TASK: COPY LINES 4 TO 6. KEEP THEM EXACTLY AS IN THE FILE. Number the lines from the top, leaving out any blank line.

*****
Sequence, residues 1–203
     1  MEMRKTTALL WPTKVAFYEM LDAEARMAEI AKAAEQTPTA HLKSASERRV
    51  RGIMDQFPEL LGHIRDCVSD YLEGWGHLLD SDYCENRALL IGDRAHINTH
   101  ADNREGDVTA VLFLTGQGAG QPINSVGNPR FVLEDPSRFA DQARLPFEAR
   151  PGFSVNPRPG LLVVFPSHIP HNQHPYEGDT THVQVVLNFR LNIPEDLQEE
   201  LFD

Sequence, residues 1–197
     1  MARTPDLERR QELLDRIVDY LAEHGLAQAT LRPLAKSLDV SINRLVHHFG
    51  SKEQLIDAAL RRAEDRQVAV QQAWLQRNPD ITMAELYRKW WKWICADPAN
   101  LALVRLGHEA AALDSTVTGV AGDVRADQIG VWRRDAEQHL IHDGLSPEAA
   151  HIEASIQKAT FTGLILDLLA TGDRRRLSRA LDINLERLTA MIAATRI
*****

   101  ADNREGDVTA VLFLTGQGAG QPINSVGNPR FVLEDPSRFA DQARLPFEAR
   151  PGFSVNPRPG LLVVFPSHIP HNQHPYEGDT THVQVVLNFR LNIPEDLQEE
   201  LFD